I'm thankful for the love and support of so many of you that continue to shower us with your prayers and well-wishes.

I'm thankful that it's butterfly season and for the reminders from God they bring that Olive is safe and happy.

Saturday, June 13, 2015

I Don't Deserve a Baby

The response after my last post was overwhelming.  It warms my heart so much to know just how many of you are following along this journey with us.  When I started this blog I never intended to do anything but help myself journal through what was certain to be one of the most difficult seasons of my life.  The fact that so many of you continue to pray for us and shower us with love - the way you are now keeping this new life in your thoughts - is, well, humbling.

So many of you reached out to offer well wishes and congratulations.  Many others of you were so overjoyed because you felt as though we deserved this baby.  Those comments really got me thinking.  They've actually had me thinking for quite some time.  After Olive died we were told that we didn't deserve to lose her.  When we lost our second baby we were told that, too, was a loss that was undeserved.  Over and over these comments hang in my mind, and what I've determined is that if there is anything I don't deserve - it's a baby.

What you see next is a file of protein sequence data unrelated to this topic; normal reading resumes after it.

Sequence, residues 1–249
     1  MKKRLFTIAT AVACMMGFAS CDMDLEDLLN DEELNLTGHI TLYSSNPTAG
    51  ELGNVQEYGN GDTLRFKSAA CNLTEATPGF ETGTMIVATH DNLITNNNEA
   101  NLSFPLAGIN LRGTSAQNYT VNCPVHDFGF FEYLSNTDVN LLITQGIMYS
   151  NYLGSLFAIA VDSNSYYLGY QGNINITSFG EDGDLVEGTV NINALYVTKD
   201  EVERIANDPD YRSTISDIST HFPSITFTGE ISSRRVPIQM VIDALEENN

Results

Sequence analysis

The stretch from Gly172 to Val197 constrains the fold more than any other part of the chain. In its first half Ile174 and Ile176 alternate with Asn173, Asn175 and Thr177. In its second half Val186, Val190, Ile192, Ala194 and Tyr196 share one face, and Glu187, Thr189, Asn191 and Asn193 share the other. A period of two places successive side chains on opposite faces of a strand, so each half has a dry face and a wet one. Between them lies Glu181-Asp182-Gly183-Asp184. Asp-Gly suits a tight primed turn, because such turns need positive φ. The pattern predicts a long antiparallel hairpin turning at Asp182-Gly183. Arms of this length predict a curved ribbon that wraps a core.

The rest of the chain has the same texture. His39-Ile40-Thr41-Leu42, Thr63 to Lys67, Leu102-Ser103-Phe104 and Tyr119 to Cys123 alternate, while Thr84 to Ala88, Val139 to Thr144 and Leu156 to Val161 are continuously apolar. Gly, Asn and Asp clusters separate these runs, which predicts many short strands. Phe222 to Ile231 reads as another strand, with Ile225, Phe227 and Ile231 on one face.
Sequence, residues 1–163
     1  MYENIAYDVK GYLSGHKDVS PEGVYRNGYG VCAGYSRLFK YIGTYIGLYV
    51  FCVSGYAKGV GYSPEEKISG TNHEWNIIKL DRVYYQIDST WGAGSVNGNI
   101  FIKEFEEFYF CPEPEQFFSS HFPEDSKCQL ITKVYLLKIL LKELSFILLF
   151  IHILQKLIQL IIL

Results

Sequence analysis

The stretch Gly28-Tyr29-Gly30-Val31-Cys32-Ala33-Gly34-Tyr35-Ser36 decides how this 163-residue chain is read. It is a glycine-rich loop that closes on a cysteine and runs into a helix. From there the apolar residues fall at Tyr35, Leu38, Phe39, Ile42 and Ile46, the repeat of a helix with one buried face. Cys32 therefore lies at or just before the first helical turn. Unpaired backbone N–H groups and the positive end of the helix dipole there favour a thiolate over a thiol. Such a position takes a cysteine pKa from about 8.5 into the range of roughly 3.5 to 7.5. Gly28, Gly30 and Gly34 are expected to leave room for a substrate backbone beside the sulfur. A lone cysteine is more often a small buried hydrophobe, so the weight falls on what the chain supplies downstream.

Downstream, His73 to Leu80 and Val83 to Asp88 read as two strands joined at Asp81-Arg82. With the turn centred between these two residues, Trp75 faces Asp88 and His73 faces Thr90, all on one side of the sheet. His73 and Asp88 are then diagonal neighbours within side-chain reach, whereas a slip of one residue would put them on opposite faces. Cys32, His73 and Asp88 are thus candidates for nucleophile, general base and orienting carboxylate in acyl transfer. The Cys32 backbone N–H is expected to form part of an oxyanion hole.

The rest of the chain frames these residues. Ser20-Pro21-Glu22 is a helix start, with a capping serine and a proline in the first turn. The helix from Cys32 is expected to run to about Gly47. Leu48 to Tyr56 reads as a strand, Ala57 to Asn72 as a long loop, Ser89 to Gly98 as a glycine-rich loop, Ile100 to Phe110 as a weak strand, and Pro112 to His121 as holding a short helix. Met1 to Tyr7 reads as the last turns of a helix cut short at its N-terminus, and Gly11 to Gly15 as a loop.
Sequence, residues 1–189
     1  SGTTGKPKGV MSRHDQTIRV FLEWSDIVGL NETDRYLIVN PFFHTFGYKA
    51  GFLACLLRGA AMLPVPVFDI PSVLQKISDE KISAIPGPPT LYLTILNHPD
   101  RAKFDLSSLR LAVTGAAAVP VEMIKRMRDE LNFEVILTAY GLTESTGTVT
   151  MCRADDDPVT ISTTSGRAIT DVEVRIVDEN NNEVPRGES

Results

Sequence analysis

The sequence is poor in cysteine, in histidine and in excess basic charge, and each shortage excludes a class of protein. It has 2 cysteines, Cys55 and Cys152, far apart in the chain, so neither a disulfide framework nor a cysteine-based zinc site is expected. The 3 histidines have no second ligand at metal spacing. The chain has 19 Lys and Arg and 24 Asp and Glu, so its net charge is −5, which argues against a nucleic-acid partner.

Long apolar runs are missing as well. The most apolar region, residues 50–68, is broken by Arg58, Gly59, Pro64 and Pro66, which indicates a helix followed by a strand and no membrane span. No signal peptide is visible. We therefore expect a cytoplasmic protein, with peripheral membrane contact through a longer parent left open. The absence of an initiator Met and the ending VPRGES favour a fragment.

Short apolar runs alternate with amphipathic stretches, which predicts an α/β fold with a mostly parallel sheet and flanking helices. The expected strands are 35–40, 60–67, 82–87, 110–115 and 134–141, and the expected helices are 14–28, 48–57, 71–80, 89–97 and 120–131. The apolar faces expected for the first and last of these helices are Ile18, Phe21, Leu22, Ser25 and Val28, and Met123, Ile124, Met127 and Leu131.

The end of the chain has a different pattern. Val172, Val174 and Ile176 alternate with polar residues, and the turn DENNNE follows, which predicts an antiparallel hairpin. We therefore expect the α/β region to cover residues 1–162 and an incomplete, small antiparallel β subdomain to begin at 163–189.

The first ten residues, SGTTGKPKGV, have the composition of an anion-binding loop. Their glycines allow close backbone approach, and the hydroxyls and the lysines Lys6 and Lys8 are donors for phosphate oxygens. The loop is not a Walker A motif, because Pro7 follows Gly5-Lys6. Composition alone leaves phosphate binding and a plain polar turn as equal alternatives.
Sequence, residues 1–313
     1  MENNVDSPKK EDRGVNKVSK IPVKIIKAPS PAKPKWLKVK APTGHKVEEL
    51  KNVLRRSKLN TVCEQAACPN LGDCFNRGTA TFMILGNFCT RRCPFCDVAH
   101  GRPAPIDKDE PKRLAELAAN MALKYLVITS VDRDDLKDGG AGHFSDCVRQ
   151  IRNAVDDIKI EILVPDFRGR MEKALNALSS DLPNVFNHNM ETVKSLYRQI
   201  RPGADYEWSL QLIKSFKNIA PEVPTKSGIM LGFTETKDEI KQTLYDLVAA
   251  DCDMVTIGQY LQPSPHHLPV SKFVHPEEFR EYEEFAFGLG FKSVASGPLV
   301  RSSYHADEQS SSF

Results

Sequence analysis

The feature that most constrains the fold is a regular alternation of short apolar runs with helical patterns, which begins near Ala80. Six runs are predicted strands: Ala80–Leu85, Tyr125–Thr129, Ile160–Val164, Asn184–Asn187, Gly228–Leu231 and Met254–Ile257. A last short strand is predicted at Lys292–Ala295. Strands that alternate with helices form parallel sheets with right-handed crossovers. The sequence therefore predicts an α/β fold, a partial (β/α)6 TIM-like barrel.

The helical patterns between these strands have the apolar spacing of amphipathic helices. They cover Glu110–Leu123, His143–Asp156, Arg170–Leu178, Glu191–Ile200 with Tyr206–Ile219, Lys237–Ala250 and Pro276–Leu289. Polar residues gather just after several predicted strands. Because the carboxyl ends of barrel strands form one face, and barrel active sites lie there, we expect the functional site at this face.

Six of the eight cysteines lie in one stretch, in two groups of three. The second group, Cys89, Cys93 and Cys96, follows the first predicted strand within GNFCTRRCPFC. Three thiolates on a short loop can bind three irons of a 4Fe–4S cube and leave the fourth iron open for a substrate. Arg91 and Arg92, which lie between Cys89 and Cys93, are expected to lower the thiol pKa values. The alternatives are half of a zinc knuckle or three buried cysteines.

As I've thought about this for the last eleven months or so I've had lots of thoughts swirling around in my head - but could never figure out how exactly I wanted to write this post.  I didn't want to seem ungrateful, I don't want to say something to offend someone else, but it weighs so heavy on me that to not say anything at all wouldn't feel right.  Then one night this past week I was reading in a book I've referenced before on this blog, The One Year Book of Hope by Nancy Guthrie, and she began to speak to my heart.

"We live in a world that teaches us, "The early bird gets the worm," "No pain no gain," "There is no such thing as a free lunch," and "You get what you pay for." We're comfortable in this world where people get what they deserve, at least in theory.  But when pain invades our lives, we quickly say, "I don't deserve this!" and claim our right to justice.  Believing we have a right to fairness, we feel violated when we think we haven't gotten what we deserve.

But if we open our eyes to the rest of the world where most people do not live with even the basics of comfort and security that we enjoy, or if we look back on the living conditions and daily-life realities previous generations lived and died with, we realize that to assume we deserve a life free of loss and pain is not only unrealistic, it's arrogant."